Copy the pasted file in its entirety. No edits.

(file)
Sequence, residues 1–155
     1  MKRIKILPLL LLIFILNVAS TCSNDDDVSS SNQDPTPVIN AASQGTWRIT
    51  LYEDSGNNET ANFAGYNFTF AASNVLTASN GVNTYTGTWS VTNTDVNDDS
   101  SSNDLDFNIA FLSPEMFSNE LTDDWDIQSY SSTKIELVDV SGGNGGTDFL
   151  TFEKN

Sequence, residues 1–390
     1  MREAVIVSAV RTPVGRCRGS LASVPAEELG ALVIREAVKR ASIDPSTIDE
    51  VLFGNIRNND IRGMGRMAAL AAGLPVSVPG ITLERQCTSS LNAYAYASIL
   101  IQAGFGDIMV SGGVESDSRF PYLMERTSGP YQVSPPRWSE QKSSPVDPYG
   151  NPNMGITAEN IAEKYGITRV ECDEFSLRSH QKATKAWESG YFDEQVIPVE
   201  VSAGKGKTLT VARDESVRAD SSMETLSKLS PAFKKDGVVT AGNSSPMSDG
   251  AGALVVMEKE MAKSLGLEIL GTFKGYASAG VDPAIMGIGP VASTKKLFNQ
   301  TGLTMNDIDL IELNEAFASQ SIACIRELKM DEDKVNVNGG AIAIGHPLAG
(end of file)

Sequence, residues 1–155
     1  MKRIKILPLL LLIFILNVAS TCSNDDDVSS SNQDPTPVIN AASQGTWRIT
    51  LYEDSGNNET ANFAGYNFTF AASNVLTASN GVNTYTGTWS VTNTDVNDDS
   101  SSNDLDFNIA FLSPEMFSNE LTDDWDIQSY SSTKIELVDV SGGNGGTDFL
   151  TFEKN

Sequence, residues 1–390
     1  MREAVIVSAV RTPVGRCRGS LASVPAEELG ALVIREAVKR ASIDPSTIDE
    51  VLFGNIRNND IRGMGRMAAL AAGLPVSVPG ITLERQCTSS LNAYAYASIL
   101  IQAGFGDIMV SGGVESDSRF PYLMERTSGP YQVSPPRWSE QKSSPVDPYG
   151  NPNMGITAEN IAEKYGITRV ECDEFSLRSH QKATKAWESG YFDEQVIPVE
   201  VSAGKGKTLT VARDESVRAD SSMETLSKLS PAFKKDGVVT AGNSSPMSDG
   251  AGALVVMEKE MAKSLGLEIL GTFKGYASAG VDPAIMGIGP VASTKKLFNQ
   301  TGLTMNDIDL IELNEAFASQ SIACIRELKM DEDKVNVNGG AIAIGHPLAG